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Tuesday, April 04, 2006 

John Reid: International law and rules of war are out of date.

The last time "Dr" John "Oh fuck, not health" Reid opened his mouth in a major speech, he suggested that if Lord Haw Haw were alive, he'd have a weekly column in the newspapers. This time he's implied that because of the changed circumstances of the apparent threat we now face from barbaric terrorists, the Geneva conventions are out of date:

"That is why I pose three questions about the international legal framework. Put simply, in today's changed circumstances are we convinced that it adequately covers:

* the contemporary threat from international terrorists?
* The circumstances in which states may need to take action in order to avert imminent attack?
* Those situations where the international community needs to intervene on grounds of overwhelming humanitarian necessity in order to stop internal suppression - mass murder and genocide – as opposed to external aggression?

Afghanistan is a good example. There were clear legal grounds for the international community – led by the US – taking action against Afghanistan after 9/11. Al Qaeda had proved both the intent and the capability to kill thousands of innocent men women and children. The threat of them doing so again was clearly imminent for all to see.

But what if another threat develops? Not Al Qaeda. Not muslim extremism. Something none of us are thinking about at the moment. The proliferation of Weapons of Mass Destruction has coincided with the growth of those prepared to use them. We know that terrorist groups continue to try and acquire such weapons and that they have described their willingness to use them. We also know that they continue to seek opportunities to launch attacks on a similar or greater scale as 9/11. Hopefully, we would learn of any such threat before any atrocities had been committed. I believe we would have strong legal grounds to take action to protect ourselves against attack. I also suspect that others would disagree. A debate would centre around "imminence". The very significant consequences of action or inaction in these circumstances should give us all pause for thought.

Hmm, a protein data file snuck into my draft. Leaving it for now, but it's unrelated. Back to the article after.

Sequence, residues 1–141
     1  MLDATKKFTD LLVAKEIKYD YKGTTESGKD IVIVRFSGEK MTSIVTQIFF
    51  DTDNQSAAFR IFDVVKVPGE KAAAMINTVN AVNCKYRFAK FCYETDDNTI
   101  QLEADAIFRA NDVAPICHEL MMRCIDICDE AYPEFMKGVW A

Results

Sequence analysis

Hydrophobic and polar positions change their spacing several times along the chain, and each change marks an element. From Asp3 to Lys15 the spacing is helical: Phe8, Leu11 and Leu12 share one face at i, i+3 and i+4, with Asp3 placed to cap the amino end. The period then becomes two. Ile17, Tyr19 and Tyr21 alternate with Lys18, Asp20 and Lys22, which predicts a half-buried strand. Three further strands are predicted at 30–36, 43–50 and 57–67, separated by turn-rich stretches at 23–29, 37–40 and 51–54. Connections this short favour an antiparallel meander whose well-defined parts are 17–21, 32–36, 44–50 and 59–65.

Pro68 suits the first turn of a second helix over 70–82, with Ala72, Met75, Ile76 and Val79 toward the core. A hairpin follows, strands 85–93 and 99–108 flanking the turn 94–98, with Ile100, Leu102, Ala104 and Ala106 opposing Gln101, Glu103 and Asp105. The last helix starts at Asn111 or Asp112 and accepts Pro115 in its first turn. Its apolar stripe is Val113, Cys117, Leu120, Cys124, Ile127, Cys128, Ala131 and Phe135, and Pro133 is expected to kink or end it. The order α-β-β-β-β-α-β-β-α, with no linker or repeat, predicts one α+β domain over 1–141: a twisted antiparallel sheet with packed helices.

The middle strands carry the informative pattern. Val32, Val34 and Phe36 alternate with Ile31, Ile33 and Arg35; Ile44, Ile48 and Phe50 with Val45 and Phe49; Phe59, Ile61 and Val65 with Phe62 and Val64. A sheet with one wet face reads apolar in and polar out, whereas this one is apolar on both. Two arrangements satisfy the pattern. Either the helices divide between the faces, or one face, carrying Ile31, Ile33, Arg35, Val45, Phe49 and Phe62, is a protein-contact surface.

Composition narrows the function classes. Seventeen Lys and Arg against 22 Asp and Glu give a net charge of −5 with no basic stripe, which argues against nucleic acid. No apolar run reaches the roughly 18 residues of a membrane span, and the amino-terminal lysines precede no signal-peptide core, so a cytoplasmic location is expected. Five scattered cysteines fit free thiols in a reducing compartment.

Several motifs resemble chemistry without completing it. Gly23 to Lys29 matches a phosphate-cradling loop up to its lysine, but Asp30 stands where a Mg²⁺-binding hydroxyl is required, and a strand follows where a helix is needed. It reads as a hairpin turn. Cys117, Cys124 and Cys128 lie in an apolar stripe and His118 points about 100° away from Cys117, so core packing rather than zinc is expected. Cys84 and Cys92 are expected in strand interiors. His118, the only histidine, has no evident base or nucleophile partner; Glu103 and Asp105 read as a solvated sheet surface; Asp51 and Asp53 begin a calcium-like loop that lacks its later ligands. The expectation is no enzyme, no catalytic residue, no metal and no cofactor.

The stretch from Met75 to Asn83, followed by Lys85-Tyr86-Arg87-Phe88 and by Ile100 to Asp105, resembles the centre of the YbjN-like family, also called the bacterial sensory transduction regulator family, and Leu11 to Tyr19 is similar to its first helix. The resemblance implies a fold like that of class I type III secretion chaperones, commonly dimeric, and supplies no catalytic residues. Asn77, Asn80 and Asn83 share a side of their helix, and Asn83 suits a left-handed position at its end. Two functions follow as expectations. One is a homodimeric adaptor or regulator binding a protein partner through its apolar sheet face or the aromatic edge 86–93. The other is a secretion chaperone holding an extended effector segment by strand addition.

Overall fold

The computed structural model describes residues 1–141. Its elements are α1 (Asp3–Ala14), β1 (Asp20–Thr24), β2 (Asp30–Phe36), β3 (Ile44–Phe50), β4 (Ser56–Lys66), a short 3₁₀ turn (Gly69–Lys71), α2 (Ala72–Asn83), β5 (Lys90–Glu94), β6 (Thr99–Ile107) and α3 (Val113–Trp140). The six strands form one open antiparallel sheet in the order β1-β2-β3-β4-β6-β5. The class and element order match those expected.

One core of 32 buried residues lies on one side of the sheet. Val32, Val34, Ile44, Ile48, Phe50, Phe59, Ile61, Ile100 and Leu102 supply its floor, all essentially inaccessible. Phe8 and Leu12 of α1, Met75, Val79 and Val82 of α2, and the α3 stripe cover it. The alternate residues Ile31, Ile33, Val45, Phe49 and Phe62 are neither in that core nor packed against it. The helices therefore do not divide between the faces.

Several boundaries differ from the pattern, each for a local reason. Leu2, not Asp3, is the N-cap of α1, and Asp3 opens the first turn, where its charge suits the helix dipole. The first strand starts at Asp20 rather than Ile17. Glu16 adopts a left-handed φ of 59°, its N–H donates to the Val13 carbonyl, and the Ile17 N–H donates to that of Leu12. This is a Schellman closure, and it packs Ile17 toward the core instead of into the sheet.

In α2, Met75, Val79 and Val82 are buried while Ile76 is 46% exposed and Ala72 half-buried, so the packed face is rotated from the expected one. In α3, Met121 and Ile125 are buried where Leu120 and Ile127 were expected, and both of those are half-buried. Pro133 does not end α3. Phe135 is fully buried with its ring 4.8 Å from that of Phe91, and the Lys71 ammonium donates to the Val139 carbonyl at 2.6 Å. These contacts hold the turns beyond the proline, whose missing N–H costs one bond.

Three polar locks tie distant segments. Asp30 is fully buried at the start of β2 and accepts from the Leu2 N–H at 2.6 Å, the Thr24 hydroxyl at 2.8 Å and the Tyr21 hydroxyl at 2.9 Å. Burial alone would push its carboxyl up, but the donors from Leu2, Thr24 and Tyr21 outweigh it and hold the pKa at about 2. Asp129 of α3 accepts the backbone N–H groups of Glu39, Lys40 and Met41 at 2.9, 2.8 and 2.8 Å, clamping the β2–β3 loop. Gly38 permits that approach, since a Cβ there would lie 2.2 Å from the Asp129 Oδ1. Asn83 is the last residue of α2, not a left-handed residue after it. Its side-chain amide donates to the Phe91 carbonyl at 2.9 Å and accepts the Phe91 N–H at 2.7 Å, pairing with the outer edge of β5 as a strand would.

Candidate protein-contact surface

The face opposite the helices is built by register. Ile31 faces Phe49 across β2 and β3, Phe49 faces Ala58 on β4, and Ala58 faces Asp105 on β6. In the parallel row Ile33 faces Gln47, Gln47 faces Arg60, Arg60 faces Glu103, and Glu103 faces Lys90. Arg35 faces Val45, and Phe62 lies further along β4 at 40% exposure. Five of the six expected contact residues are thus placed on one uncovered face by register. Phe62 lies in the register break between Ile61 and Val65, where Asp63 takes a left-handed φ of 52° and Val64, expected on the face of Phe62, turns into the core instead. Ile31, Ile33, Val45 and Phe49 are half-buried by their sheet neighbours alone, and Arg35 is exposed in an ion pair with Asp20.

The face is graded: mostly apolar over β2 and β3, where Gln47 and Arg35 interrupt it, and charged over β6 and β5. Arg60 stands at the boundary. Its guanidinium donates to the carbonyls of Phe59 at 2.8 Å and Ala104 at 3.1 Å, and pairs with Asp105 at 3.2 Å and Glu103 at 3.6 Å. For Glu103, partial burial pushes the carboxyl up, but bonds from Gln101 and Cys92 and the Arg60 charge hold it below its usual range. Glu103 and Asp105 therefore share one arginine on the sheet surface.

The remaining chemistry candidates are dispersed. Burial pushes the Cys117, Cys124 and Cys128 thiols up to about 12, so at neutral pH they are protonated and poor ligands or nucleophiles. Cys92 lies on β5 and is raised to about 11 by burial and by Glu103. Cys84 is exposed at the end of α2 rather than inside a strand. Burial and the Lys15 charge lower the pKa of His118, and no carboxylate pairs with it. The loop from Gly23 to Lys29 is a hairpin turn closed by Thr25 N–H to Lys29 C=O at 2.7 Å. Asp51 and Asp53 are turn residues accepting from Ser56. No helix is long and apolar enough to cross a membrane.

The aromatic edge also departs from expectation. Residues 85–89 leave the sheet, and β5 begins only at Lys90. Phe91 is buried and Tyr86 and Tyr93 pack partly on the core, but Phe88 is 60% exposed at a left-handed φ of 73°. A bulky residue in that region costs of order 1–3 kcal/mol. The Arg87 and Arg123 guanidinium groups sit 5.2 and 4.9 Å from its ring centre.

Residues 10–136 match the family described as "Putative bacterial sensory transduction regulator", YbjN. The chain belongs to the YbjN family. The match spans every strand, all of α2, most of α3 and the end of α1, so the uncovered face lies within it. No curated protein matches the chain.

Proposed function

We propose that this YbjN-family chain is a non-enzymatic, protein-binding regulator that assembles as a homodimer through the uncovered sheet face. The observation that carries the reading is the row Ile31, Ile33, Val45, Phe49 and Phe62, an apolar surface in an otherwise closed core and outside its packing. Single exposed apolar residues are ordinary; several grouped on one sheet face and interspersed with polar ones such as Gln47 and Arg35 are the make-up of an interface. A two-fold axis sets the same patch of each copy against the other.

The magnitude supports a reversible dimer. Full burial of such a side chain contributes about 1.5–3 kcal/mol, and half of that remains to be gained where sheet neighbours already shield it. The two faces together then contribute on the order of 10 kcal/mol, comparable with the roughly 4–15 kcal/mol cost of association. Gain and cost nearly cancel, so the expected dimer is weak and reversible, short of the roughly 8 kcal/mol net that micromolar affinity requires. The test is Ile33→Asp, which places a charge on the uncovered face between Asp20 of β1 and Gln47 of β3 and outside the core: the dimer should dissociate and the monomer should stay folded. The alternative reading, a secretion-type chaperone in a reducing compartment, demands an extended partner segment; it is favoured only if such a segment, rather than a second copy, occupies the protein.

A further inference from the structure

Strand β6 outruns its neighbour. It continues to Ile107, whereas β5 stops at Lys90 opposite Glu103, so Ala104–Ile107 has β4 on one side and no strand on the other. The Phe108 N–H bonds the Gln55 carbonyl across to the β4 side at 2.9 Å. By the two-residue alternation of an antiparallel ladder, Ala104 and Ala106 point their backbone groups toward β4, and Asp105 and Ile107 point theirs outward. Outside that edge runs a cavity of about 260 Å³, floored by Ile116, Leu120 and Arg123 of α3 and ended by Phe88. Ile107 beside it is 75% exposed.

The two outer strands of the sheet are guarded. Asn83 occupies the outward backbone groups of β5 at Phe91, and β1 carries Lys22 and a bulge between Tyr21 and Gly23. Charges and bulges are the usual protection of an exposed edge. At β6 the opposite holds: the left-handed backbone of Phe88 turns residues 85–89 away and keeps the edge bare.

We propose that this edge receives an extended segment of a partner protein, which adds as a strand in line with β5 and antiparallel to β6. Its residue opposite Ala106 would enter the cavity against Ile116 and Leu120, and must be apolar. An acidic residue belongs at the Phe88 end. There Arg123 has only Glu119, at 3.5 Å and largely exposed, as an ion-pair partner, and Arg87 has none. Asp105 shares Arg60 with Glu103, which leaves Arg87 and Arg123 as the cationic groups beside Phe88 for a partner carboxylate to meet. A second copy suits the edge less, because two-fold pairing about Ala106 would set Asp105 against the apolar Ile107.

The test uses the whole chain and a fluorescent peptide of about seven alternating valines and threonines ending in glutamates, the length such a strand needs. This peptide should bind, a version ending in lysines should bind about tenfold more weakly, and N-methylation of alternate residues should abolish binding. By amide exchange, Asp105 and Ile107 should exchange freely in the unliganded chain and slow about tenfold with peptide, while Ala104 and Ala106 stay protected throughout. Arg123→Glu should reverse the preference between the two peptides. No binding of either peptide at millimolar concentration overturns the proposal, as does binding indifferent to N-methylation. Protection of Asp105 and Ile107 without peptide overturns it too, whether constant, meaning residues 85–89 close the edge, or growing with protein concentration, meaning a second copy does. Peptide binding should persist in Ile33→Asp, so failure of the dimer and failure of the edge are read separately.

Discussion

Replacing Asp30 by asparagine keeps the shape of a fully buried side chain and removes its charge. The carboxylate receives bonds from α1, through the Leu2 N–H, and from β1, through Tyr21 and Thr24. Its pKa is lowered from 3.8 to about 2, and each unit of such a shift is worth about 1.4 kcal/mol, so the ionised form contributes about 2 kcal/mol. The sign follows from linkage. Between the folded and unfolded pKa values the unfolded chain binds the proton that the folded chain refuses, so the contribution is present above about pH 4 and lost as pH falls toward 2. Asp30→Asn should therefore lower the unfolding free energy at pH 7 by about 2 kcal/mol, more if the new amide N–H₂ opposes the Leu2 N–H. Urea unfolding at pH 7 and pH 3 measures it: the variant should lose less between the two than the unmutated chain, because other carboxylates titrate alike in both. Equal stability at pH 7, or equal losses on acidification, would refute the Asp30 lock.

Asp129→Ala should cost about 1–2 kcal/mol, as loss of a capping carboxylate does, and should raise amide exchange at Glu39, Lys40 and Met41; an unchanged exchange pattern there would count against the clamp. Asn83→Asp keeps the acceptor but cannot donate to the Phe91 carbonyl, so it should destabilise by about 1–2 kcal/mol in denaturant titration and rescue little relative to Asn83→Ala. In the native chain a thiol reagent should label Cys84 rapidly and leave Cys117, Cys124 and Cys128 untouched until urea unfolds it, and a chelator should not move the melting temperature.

So, uh, what is that this threat that none of us are thinking about at the moment? Apparently it isn't al-Qaida or muslim extremism, so could it possibly be that a suggestion that Iran or North Korea may give weapons of mass destruction to terrorists? In an incredibly glib statement, Reid tells us that terrorists try to acquire these weapons and have described their willingness to use them. No doubt true, but the only terrorist group that has ever obtained what could be described as a chemical or biological weapon was Aum Shinrikyo, which released sarin gas on the Tokyo subway, killing 12 and injuring over 6000. In other words, Reid is making a number of assumptions about things that might happen, not that are going to happen. Hopefully we would also learn about such threats before they happened, which is a nice piece of optimism.

Reid's main point though is that of pre-emption, which he apparently feels should be made more lawful than it is at the moment. This has been the cornerstone of US foreign policy since 2002, and of which Iraq was the first victim. Both the US and UK have been somewhat angered by Kofi Annan declaring that the war was illegal, and ever since have been trying to get everyone to see their point of view. The trouble is that international law applies to everyone, as Simon Tisdall points out. Iran has understandably been getting rather worried about the war of words which have gone between it and the US, with Iran promising to match pain with pain, should sanctions be declared by the UN security council. As Tisdall writes:

From Iran's perspective, all this amounts to a serious military threat that may not yet be "imminent" - but could soon become so. Its spokesmen have pledged to meet pain with pain and hurt with hurt.

The assumption until now has been that Iran would passively wait and see what the Americans do. But as Mr Reid has helpfully pointed out, western countries increasingly believe they have, or should have, a legal right to pre-empt. Logically, Iran has an identical right - and may choose to exercise it.